Many investors may be looking to diversify their portfolios given recent gains in equities. While there are many options, leveraged index annuities can reduce portfolio risk while still offering some growth potential.  

Leveraged index annuities are typically bought upfront with a single payment. The interest earned on these products is not taxable until it is withdrawn, which also makes them an effective vehicle for saving.  

These annuities are leveraged to a major market index like the S&P 500. Interest is earned when the underlying index appreciates; however, there is no loss of principal in the event that the index suffers losses. 

The tradeoff is that interest earned on the annuity is capped depending on the terms of the annuity agreement. For instance, the maximum earnable rate of interest could be set at 12%. This means that in a year like 2023, when the S&P 500 was up 24%, the annuity owner’s earned interest would be capped at 12%. On the other hand, the annuity owner would have seen no loss of principal when the S&P 500 was down 19% in the previous year.  

This combination makes leveraged index annuities ideal for investors who want to diversify and de-risk their portfolios while still growing their wealth.

Finsum: Leveraged index annuities are a way for investors to reduce risk and increase diversification while still allowing for appreciation. 

According to Bloomberg senior ETF analyst Eric Balchunas, there is only a 25% chance that the SEC approves a spot ethereum ETF. He points to the lack of SEC engagement on the topic and the absence of any positive signs or chatter on the subject, which is a departure from the lead-up to bitcoin’s approval. Balchunas believes this lack of engagement is ‘tactical’ rather than ‘procrastination’. 

The crux of the issue is how ethereum should be classified. There are indications that the SEC is leaning towards treating it like a security based on subpoenas to crypto companies that have interacted with the Ethereum Foundation. 

However, there are some dissenting voices who are more optimistic about approval. Craig Salm, Grayscale’s Chief Legal Officer, says the SEC’s reticence is due to most issues already being cleared up during the bitcoin ETF approval process. He believes both ETFs are nearly identical, except for the underlying asset. He also pointed to the approval of an ethereum futures ETF and its classification as a commodity future as a favorable sign.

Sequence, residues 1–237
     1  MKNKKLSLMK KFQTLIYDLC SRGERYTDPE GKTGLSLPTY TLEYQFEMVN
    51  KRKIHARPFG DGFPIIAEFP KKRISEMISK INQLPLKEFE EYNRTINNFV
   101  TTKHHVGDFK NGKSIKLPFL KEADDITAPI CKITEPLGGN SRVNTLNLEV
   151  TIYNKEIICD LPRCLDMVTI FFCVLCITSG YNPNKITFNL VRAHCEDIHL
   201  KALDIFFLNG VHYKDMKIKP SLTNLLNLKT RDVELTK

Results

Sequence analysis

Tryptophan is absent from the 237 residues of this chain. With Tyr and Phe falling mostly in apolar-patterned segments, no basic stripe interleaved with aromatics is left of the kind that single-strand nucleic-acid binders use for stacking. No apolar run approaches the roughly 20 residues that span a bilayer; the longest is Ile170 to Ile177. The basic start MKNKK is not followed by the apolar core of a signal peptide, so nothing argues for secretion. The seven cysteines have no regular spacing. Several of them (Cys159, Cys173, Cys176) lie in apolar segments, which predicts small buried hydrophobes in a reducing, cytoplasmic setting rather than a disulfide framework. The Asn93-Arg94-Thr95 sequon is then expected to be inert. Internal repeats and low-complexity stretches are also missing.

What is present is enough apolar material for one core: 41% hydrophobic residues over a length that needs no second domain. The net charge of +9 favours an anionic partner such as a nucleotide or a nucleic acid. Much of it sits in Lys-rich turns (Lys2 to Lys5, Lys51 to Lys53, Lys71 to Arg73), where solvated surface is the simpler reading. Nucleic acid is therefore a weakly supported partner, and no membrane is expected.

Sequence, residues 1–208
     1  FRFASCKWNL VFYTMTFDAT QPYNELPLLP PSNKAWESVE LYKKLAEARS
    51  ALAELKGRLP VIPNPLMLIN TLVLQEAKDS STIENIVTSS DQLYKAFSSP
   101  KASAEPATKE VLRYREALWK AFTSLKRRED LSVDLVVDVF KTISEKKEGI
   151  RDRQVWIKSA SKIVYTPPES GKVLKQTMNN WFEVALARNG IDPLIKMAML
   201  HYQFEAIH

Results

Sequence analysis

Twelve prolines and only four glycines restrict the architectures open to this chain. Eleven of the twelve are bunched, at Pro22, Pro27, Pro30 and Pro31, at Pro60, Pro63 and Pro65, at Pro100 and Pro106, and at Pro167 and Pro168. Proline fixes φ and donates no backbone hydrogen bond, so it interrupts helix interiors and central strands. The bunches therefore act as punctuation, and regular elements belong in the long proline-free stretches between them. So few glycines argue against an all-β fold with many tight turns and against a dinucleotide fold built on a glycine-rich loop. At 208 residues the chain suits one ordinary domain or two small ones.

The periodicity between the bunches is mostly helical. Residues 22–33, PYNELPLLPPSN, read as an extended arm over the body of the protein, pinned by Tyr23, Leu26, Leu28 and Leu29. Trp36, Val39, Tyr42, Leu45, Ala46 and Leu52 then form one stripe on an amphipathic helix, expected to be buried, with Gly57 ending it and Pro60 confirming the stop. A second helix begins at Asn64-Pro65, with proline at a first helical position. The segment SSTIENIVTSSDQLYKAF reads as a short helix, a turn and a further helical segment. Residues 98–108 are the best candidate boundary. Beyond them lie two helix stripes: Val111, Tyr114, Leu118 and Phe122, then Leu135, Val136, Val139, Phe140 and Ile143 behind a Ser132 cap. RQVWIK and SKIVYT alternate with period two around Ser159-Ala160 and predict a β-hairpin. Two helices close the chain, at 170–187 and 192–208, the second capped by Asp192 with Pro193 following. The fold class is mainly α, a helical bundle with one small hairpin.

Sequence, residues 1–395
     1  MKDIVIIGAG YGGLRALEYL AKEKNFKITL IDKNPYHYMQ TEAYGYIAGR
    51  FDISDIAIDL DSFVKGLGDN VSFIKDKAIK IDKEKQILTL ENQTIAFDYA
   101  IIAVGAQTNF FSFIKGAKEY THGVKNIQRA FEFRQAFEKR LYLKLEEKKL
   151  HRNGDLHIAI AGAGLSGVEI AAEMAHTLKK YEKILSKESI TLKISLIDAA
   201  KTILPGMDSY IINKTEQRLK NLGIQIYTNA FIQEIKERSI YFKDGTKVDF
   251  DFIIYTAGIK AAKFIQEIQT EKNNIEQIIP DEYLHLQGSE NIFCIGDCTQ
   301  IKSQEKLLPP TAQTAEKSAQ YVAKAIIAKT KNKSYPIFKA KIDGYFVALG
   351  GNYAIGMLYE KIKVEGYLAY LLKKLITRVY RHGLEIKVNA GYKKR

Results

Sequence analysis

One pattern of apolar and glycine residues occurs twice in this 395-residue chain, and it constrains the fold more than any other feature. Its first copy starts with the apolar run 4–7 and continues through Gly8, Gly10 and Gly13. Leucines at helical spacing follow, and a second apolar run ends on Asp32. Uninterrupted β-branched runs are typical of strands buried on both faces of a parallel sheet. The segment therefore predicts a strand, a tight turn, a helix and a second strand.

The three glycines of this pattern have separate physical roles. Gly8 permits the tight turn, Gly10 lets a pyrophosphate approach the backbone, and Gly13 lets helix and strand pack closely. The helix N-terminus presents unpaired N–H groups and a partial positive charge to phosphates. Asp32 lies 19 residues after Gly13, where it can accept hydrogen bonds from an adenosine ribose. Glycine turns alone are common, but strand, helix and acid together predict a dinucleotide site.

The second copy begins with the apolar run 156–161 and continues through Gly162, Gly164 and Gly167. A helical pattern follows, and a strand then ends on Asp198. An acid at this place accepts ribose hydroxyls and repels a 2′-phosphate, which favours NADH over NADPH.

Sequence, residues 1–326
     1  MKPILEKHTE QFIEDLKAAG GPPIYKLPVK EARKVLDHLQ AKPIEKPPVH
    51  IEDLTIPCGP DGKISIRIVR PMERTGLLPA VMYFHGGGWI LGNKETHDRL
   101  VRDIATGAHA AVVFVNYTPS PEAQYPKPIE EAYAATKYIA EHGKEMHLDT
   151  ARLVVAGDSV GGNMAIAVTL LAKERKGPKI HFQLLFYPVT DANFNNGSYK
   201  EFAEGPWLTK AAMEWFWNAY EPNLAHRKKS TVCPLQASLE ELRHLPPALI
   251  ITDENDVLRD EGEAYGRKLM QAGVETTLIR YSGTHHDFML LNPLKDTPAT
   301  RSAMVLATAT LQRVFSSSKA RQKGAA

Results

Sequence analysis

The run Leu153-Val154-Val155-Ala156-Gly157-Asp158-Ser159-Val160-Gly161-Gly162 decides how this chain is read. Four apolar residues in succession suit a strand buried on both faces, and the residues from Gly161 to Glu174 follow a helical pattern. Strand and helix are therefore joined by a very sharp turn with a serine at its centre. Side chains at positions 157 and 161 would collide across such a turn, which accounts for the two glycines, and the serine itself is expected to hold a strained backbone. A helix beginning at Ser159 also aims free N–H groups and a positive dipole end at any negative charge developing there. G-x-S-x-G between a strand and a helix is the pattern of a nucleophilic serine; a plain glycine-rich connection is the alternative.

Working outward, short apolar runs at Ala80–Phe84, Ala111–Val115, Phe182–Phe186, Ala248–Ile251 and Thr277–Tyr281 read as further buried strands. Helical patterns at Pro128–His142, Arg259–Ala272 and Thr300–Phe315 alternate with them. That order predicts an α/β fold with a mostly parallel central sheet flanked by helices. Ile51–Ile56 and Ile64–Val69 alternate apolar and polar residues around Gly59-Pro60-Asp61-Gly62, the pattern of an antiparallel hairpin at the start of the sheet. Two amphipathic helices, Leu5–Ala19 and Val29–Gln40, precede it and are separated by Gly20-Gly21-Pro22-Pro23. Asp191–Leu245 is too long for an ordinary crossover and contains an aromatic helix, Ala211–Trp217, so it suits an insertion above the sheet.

Currently, several asset managers have filed for approval for an ethereum ETF, including Blackrock, VanEck, ARK 21Shares, Fidelity, Invesco Galaxy, Grayscale, Franklin Templeton, and Hashdex. The most immediate deadline is May 23 for VanEck.

Finsum: Over the next couple of months, the SEC will decide on an ethereum ETF. Reading the tea leaves, Bloomberg’s Eric Balchunas is not optimistic that it will be approved. 

Robert Mitchnick, Blackrock’s digital asset lead, believes that bitcoin is more like ‘digital gold’ rather than a ‘risk-on’ asset, despite its strong correlation to equities in recent years. Throughout bitcoin’s existence, there has been a constant debate about its true nature. Some argue that bitcoin is like gold given that there is a fixed supply, which means that it should provide protection against inflation. 

While this may be true in theory, in reality, bitcoin has largely moved in the same direction as equities, which undermines the argument that it offers diversification. In 2022, bitcoin tumbled as the world dealt with the highest levels of inflation in decades. Notably, equities were also down 25% in 2022. In the following year, as equity markets made new highs, bitcoin also followed and made new highs as well. 

Despite this relationship, Mitchnik believes that historically, bitcoin has demonstrated very little correlation to stocks. He attributes the recent rally to excitement around the launch of bitcoin ETFs in the US. In terms of allocation, he recommends between 1 and 3% for investors to provide diversification and differentiated returns. The argument about bitcoin’s nature is germane for investors who want to understand whether it will make their portfolio more risky or more diversified. 

Finsum: There are two camps when it comes to bitcoin. One sees bitcoin as an asset that is closely correlated to equities; while the other believes that bitcoin is more like gold and can help diversify portfolios.

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